It is critical that public-sector officials responsible for infrastructure development—both at the local and national levels—commit to transparent practices to secure sustainable financing mechanisms.
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Over the next 15 years, more hard infrastructure is projected to be built around the world than currently exists. As our infrastructure is transformed, so will be the economies it fuels, the regions it connects, and the global commons it underpins. These trends are too powerful and potentially beneficial for the United States to stop, and too consequential to ignore.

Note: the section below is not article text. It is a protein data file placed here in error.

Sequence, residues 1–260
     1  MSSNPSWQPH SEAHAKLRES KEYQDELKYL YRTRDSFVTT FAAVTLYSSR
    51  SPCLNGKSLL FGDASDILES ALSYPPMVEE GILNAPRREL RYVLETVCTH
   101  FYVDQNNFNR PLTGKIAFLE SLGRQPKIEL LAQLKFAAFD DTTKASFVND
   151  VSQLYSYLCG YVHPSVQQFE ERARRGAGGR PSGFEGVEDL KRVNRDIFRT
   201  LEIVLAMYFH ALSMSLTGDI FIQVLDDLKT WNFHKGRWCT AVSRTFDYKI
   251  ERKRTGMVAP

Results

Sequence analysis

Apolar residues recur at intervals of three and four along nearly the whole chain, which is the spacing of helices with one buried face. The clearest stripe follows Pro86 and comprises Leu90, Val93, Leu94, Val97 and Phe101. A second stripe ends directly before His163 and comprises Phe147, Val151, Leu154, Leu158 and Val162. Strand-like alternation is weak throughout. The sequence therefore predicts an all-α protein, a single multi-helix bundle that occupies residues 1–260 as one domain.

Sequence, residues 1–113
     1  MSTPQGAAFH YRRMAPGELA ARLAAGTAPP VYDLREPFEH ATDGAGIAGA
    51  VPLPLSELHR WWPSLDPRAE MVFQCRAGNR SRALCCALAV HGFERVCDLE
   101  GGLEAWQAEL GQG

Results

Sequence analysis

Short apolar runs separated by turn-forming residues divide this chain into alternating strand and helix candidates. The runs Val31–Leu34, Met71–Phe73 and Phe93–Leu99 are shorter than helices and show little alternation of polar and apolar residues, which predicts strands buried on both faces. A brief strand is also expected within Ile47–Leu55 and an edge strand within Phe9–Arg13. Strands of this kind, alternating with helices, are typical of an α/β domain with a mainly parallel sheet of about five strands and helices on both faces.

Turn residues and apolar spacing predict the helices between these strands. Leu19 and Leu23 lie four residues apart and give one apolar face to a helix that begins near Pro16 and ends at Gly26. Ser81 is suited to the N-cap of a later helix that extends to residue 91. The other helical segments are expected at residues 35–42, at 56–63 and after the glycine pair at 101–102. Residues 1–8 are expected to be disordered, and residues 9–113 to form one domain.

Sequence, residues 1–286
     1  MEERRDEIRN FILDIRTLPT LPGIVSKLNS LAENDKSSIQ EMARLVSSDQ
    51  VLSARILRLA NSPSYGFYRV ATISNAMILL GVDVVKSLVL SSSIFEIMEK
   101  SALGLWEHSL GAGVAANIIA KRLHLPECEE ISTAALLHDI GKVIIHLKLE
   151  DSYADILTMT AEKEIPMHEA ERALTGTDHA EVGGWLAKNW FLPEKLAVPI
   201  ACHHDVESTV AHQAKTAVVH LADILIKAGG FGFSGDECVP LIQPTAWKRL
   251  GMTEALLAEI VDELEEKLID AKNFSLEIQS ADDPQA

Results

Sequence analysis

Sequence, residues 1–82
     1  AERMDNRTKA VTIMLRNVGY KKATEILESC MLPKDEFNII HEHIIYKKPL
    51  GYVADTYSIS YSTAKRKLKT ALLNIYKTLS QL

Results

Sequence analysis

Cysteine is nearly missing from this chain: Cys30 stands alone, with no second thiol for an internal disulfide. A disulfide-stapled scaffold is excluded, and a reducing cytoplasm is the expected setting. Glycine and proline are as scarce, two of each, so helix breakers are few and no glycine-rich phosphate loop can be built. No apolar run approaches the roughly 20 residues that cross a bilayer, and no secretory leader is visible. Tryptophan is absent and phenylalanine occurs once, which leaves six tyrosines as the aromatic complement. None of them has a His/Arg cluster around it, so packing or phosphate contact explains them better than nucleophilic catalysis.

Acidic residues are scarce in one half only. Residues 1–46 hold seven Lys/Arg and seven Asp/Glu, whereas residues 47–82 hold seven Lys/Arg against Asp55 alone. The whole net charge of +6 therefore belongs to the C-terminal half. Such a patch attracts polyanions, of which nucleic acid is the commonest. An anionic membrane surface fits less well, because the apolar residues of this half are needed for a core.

China’s Global Energy Interconnection (GEI) initiative is an ambitious vision for transforming the global energy system that pairs a pitch for climate leadership with Beijing’s industrial policy priorities. As China makes a play for green leadership in global energy governance, the U.S. needs to present a positive agenda of its own for the clean-energy transition.
When it was launched, China heralded its Belt and Road Initiative as a “golden opportunity” to revitalize the region, but today it has raised serious concerns about debt sustainability, drawing scrutiny from the IMF. One way for Beijing to demonstrate its commitment to addressing the IMF’s concerns is by partnering to develop more sustainable and transparent lending practices.
On November 30th the CSIS Energy and National Security Program hosted “Hydrogen and Green Shipping: Zero-Emission Fuel in the Maritime Sector” to discuss the important role that hydrogen fuel technology could play for shipping in the transition to a low-carbon future.